Blakeslee History, Family Crest & Coats of Arms
The name Blakeslee dates back to the days of the Anglo-Saxon tribes of Britain. The name derives from the Anglo-Saxon Blæcleah which meant "dark wood" or "dark clearing". The hamlet of Blackley was mentioned in the Domesday Book and little growth of the community was seen until the 19th century. By the middle of the 17th century Blackley was a village of just 107 inhabitants. Today Blackley is a suburb of Manchester with a population of over 10,000 people. There is also a hamlet named Blackey in West Yorkshire.
Early Origins of the Blakeslee family
The surname Blakeslee was first found in Lancashire where they held a family seat from very ancient times, some say before the Norman Conquest in 1066. Blakesley Hall is a Tudor hall on Blakesley Road in Yardley, Birmingham, England. Originally a timber-framed farmhouse, it was built in 1590.
Early History of the Blakeslee family
This web page shows only a small excerpt of our Blakeslee research. Another 104 words (7 lines of text) covering the years 1321 and are included under the topic Early Blakeslee History in all our PDF Extended History products and printed products wherever possible.
Blakeslee Spelling Variations
Before English spelling was standardized a few hundred years ago, spelling variations of names were a common occurrence. Elements of Latin, French and other languages became incorporated into English through the Middle Ages, and name spellings changed even among the literate. The variations of the surname Blakeslee include Blackley, Blakely, Blakley, Blacklee, Blackely, Blackledge, Blacklege, Blatchly and many more.
Early Notables of the Blakeslee family (pre 1700)
More information is included under the topic Early Blakeslee Notables in all our PDF Extended History products and printed products wherever possible.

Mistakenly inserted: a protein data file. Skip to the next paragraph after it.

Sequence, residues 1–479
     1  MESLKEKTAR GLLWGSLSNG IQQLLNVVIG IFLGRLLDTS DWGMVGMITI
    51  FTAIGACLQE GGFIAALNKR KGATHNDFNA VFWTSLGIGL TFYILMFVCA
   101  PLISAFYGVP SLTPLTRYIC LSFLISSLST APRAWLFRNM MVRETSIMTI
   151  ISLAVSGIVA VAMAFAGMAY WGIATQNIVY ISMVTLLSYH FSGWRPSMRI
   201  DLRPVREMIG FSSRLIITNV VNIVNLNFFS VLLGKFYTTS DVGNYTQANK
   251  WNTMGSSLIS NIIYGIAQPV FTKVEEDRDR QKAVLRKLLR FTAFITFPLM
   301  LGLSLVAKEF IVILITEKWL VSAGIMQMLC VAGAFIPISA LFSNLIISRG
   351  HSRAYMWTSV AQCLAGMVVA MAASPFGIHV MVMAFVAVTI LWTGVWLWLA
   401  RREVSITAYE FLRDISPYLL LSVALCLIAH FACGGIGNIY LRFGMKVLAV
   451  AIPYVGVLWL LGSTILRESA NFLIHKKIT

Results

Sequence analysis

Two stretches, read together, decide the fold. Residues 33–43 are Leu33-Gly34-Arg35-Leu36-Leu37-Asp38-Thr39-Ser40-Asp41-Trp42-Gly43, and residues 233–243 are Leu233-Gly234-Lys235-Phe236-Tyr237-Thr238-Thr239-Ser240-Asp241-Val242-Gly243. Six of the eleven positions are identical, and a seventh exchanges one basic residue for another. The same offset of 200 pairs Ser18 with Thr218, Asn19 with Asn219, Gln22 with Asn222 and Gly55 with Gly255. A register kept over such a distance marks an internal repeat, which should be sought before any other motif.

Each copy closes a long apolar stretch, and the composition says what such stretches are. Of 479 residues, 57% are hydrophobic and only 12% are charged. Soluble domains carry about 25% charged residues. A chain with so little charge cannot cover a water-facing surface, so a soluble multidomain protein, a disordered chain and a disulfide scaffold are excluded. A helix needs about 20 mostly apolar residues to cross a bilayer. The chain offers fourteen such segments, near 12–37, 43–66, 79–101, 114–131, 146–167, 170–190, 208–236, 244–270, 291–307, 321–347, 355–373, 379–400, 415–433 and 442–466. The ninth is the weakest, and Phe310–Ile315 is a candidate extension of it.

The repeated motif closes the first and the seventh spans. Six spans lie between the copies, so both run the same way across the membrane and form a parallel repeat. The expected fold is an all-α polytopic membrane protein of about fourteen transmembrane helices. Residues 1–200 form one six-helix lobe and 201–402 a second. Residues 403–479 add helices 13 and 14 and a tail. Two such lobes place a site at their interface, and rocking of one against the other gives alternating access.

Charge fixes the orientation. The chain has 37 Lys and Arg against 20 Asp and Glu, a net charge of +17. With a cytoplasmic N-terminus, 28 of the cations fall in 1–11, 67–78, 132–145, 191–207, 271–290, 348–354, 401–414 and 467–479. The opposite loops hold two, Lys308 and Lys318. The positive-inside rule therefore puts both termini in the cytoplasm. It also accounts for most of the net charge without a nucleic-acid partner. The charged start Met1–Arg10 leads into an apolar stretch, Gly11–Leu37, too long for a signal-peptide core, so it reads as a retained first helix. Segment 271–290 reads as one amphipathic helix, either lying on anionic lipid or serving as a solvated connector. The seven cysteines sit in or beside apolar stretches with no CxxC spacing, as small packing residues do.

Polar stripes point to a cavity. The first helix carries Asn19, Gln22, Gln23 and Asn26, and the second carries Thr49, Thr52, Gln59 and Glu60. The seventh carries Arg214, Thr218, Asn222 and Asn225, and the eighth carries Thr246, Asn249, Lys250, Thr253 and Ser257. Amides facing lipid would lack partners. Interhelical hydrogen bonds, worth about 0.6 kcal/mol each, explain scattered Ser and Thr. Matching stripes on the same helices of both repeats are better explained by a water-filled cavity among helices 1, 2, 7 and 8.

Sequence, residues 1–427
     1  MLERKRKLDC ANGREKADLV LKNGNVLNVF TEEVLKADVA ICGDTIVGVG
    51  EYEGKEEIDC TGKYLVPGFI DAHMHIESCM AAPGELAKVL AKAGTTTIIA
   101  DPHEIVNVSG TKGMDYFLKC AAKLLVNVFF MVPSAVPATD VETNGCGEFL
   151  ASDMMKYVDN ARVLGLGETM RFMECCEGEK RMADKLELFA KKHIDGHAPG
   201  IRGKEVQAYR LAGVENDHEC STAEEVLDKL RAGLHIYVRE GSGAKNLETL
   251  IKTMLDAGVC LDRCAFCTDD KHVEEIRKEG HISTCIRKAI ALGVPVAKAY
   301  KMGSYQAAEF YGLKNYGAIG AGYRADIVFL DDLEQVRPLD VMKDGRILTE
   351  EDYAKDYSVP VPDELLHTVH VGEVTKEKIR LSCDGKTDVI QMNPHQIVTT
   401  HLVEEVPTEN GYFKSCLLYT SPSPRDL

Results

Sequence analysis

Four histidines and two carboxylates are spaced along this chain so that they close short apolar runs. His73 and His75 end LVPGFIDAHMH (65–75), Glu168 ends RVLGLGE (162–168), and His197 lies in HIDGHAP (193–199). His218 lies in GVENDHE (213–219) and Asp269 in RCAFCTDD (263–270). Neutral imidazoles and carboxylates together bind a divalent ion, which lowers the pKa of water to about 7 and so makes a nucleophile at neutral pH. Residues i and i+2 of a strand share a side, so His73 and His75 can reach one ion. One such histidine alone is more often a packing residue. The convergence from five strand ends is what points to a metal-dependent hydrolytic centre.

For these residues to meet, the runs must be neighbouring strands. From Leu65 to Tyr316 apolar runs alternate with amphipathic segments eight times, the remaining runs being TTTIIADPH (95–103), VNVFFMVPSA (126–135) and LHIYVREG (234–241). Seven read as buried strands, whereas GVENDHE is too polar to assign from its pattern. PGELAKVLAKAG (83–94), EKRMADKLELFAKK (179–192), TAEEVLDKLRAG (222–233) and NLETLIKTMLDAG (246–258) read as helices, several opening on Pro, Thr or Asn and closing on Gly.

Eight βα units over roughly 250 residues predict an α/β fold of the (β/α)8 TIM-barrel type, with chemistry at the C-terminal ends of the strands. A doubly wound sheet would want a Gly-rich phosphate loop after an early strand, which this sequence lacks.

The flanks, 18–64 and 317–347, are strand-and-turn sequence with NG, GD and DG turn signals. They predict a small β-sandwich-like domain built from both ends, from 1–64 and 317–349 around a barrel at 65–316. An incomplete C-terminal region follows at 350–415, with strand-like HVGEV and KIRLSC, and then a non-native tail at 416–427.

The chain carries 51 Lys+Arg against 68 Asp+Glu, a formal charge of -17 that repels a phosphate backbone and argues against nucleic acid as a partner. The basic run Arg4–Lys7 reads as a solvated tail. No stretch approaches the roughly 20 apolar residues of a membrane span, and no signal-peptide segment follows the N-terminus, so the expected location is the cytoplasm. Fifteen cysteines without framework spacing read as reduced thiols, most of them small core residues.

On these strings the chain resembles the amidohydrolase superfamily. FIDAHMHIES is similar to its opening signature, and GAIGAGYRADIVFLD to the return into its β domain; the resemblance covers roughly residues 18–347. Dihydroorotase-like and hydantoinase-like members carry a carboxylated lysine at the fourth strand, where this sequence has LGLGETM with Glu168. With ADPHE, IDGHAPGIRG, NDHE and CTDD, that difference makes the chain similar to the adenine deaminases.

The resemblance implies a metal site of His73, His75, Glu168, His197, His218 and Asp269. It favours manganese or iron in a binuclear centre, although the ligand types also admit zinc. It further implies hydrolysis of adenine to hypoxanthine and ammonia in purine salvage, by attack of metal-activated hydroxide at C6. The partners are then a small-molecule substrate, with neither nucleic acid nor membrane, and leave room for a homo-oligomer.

Migration of the Blakeslee family to Ireland
Some of the Blakeslee family moved to Ireland, but this topic is not covered in this excerpt.
Another 57 words (4 lines of text) about their life in Ireland is included in all our PDF Extended History products and printed products wherever possible.
Blakeslee migration to the United States +
A great wave of immigration to the New World was the result of the enormous political and religious disarray that struck England at that time. Families left for the New World in extremely large numbers. The long journey was the end of many immigrants and many more arrived sick and starving. Still, those who made it were rewarded with an opportunity far greater than they had known at home in England. These emigrant families went on to make significant contributions to these emerging colonies in which they settled. Some of the first North American settlers carried this name or one of its variants:
Blakeslee Settlers in United States in the 17th Century
- Samuel Blakeslee, who arrived in Connecticut in 1635 
Contemporary Notables of the name Blakeslee (post 1700) +
- Donald Blakeslee (1971-2008), American fighter pilot recipient of the Distinguished Service Cross Distinguished Flying Cross (US and UK), Legion of Merit, Silver Star and Air Medal
- Dick Blakeslee (1921-2000), American professor of English
- Susan Blakeslee (b. 1966), American voice actress
- George Hubbard Blakeslee (1871-1954), American historian
- Albert Francis Blakeslee (1874-1954), American botanist
- Donald J. Blakeslee, American fighter pilot and flying ace in the Royal Air Force then the U.S. Army Air Forces, during World War II, credited with 14½ aerial victories
- Charles Blakeslee Law (1872-1929), American Republican politician, U.S. Representative from New York 4th District, 1905-11; Defeated, 1910; State Court Judge in New York, 1916 
Related Stories +
- ^ Filby, P. William, Meyer, Mary K., Passenger and immigration lists index : a guide to published arrival records of about 500,000 passengers who came to the United States and Canada in the seventeenth, eighteenth, and nineteenth centuries. 1982-1985 Cumulated Supplements in Four Volumes Detroit, Mich. : Gale Research Co., 1985, Print (ISBN 0-8103-1795-8)
- ^ The Political Graveyard: Alphabetical Name Index. (Retrieved 2015, October 26) . Retrieved from http://politicalgraveyard.com/alpha/index.html